Dichotomy lessons


The day her scarf slipped away, blue/black fingerprints necklacing her flesh.

I write in pencil; words freight pain.

I don’t know when it started. Early on, I think. The morning he got up and there was nothing for breakfast, no food in the house except tomato soup? He ate half and tipped the rest down the sink before leaving for work. She’d laughed about it later. What difference does it make, he’d said, what types of food you eat at what times of day?

Everything slipped. And how can a man vanish in an instant? My father gone to kill him.

He said the silence of the world had been absolute. It was assenting, perhaps.

And I learned how much I was loved. Violence like lightning, splitting the tree, its heartwood exposed in stark light. He would be ashamed to know this, a gentle man, an unwilling teacher of opposites.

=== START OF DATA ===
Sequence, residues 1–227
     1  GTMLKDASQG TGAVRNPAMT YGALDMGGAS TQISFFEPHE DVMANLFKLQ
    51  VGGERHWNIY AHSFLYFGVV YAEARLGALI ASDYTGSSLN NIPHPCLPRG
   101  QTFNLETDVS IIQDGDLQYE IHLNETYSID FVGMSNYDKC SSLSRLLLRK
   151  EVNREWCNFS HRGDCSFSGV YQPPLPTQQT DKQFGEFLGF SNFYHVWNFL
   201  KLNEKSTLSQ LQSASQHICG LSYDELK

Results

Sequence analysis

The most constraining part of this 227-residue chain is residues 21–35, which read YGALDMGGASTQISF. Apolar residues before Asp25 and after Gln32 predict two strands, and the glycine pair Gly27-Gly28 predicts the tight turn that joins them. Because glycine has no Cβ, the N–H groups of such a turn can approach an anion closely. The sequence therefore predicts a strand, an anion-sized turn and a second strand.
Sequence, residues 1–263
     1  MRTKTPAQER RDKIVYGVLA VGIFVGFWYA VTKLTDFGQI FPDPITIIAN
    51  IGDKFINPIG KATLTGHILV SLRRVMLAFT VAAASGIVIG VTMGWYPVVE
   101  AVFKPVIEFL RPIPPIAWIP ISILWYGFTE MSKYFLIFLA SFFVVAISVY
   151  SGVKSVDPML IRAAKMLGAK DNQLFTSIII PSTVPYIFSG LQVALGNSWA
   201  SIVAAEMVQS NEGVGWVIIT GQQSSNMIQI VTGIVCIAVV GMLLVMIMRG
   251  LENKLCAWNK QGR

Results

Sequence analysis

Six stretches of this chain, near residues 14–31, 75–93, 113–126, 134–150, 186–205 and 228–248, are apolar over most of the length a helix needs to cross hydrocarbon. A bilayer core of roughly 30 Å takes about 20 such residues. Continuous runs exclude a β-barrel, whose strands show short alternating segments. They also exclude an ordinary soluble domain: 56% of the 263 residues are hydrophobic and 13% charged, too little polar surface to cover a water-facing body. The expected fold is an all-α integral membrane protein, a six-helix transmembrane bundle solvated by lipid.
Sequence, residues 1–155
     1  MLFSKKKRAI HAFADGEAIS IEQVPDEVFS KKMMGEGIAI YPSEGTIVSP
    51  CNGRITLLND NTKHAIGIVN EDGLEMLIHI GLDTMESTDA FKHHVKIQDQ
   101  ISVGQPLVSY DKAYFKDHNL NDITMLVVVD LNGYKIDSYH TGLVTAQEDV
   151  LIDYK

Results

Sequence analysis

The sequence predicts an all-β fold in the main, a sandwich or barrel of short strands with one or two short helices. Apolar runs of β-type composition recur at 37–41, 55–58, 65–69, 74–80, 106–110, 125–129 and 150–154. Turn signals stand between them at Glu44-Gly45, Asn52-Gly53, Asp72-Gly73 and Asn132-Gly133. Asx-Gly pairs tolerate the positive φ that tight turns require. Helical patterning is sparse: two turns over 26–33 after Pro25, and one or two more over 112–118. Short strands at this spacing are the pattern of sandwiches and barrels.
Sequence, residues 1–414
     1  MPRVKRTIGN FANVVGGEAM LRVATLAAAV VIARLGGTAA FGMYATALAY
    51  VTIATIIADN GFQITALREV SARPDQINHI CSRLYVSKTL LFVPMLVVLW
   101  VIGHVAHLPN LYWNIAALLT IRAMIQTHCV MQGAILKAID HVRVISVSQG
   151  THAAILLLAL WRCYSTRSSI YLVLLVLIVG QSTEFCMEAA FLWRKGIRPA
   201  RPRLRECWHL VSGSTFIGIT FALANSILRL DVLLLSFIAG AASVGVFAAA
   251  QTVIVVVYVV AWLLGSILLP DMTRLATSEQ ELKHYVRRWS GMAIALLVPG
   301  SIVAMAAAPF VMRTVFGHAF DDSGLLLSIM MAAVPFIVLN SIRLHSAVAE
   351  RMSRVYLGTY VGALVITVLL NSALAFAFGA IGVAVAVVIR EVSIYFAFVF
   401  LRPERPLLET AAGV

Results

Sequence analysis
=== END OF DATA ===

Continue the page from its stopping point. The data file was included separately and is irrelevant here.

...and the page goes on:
2 Comments

Filed under poetic prose and prose poems

2 responses to “Dichotomy lessons

  1. Reading it over and over – Gave me shivers. Powerful in its implications and brevity. The contrasts between being threatened and protected, to know what real love is. At least, that is what it “said” to me. Beautiful writing as always.

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